Last month Bayern Munich’s Franck Ribéry announced his retirement from international football, prompting fury from UEFA President Michel Platini.
Platini has threatened to ban Ribéry if he declines any future call-up to the French national team. According to Platini, if Didier Deschamps selects Ribéry then he is obliged to play for the national team. “That’s written in the FIFA statutes. If he doesn’t report for duty, then he would be banned for three matches for Bayern Munich. It is not the player’s decision whether he represents his country, it’s the decision of the coach. Ribéry cannot simply decide for himself whether he wants to play for France or not.”
Ribéry has more recently said that he’s not for turning. He went on to say that he isn’t interested in the politics surrounding his decision.
According to FIFA rules:
Clubs are obliged to release their registered players to the representative teams of the country for which the player is eligible to play on the basis of his nationality if they are called up by the association concerned. Any agreement between a player and a club to the contrary is prohibited.
The rules appear to be silent on what happens if a player makes plain his intention to retire from the national team before the team is even selected.
So why is Platini kicking up such a fuss over what appears to be a routine retirement? And what does Ribéry mean by “the politics surrounding his decision”?
We’re venturing into football hipster conspiracy theory territory here, so bear with us.
Platini is, of course, French and the 2016 Euro Finals are being held in, er, France. A simple conspiracy theory is that Platini is throwing a tantrum so that one of his homeland’s better players will take the field during the 2016 finals tournament. Ribéry will be 33 by the time the next Euro finals roll around. And France has Pogba!
An alternative conspiracy theory is that this is part of a power struggle between the European Club Association and UEFA/FIFA.
The ECA represents 214 clubs at a European level. According to its website, its aim is “to create a new, more democratic governance model that truly reflects the key role of the clubs.” Translation: we’re sick of paying all this money for these pricey players just to see FIFA and UEFA spirit them away for tournaments without so much as a thank-you.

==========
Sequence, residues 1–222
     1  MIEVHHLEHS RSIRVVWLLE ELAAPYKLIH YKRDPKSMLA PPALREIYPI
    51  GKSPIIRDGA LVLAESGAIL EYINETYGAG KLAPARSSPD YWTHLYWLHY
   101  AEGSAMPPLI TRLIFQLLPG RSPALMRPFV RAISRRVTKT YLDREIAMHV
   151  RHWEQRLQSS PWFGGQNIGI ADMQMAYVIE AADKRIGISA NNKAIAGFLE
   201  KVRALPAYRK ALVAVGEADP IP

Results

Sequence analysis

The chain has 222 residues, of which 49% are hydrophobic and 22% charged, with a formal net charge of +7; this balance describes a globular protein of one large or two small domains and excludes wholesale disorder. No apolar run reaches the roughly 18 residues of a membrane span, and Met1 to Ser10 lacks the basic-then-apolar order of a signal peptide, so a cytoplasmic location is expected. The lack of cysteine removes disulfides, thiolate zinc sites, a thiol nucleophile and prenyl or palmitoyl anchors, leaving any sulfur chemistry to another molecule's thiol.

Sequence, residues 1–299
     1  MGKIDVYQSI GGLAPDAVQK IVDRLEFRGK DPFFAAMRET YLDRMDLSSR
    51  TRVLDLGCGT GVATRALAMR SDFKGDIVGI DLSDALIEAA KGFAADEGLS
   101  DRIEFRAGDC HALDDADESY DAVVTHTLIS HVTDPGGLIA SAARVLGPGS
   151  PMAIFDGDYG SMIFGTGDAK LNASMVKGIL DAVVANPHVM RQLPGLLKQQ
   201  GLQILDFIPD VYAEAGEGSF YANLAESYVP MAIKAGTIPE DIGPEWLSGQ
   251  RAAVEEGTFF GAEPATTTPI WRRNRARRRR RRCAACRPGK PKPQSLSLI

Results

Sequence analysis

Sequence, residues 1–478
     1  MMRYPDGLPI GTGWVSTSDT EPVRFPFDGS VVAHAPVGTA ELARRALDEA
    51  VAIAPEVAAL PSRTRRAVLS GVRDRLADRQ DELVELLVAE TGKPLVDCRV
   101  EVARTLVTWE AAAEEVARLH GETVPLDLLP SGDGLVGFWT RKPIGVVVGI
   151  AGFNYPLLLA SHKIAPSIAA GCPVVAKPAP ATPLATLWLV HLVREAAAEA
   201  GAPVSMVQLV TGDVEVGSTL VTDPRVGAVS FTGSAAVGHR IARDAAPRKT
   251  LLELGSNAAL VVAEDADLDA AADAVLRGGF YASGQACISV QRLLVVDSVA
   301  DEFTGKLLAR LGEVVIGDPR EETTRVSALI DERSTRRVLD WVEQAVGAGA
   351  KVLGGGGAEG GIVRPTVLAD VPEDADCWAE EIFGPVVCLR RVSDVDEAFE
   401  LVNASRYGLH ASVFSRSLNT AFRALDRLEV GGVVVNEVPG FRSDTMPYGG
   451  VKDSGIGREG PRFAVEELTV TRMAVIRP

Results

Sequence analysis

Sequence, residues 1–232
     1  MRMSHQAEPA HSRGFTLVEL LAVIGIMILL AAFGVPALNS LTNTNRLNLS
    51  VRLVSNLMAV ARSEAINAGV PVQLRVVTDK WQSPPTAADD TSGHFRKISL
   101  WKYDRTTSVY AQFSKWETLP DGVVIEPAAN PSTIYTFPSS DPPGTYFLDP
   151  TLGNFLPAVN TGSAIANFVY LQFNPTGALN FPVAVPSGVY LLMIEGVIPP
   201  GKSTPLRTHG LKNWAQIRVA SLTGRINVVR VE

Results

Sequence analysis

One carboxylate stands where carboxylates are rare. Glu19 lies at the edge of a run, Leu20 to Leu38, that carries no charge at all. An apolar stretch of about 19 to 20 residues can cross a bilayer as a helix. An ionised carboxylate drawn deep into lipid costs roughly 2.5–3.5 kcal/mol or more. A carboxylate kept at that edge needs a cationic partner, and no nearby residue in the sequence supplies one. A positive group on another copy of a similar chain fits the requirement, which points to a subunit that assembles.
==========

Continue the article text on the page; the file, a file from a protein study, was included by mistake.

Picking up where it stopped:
For example, at the 2014 World Cup, about three-quarters of all players came from European clubs.
In March 2012, after lengthy negotiations, the ECA and UEFA signed a memorandum of understanding. From the ECA website:
This new agreement paves the way for a fruitful relationship between European clubs and Europe’s football governing body, reflecting an improved balance between national team and club football. The new MoU underlines that UEFA clearly recognises the importance of clubs and the significant contribution they make to the success of national team football.
“Improved balance” in this case means caps on the number of international matches any player can take part in during an approved international break, insurance for players’ salaries while on national team duty and distribution of UEFA Euro tournament revenues. The ECA also gets a say in UEFA’s decision-making process.
The ECA had a similar MoU with FIFA. And a nice little earner it was too. Under the terms of the MoU, the ECA agreed to take US$70 million to permit their players to go to the finals in Brazil.
The MoU expired at the end of July and has yet to be renewed or replaced. There were suggestions that ECA member clubs would boycott the matches played outside Europe during the recent international break.
In July FIFA’s Jerome Valcke said, “We have agreed that we will sit down in September, October, November [with the ECA] to discuss the next international calendar and we will also discuss an extension to the current agreement over insurance. It’s just a matter of discussing the terms. I’m sure we will finalise an agreement.”
The Chairman of the ECA is Karl-Heinz Rummenigge who represents…Bayern Munich, Ribéry’s club.
It was all smiles at the ECA General Assembly held in Geneva earlier this week as Platini addressed ECA members at the Président Wilson Hotel. The ECA website reports that Platini’s speech centred on his intention to seek a third term as UEFA President and that Platini “hailed the great relationship between UEFA and ECA”.
What does this have to do with Ribéry? Probably nothing. It’ll all get sorted out. It always does. We shouldn’t worry.
POSTSCRIPT: Michel Platini announced his retirement from playing football at the end of the 1986/87 season. He was just shy of his 32nd birthday when he played his last game for Juventus. The previous summer he had played at the World Cup Finals in Mexico. At the time of his retirement, France was in the midst of a Euro qualifying campaign.
Photos via Wikimedia Commons and the ECA website.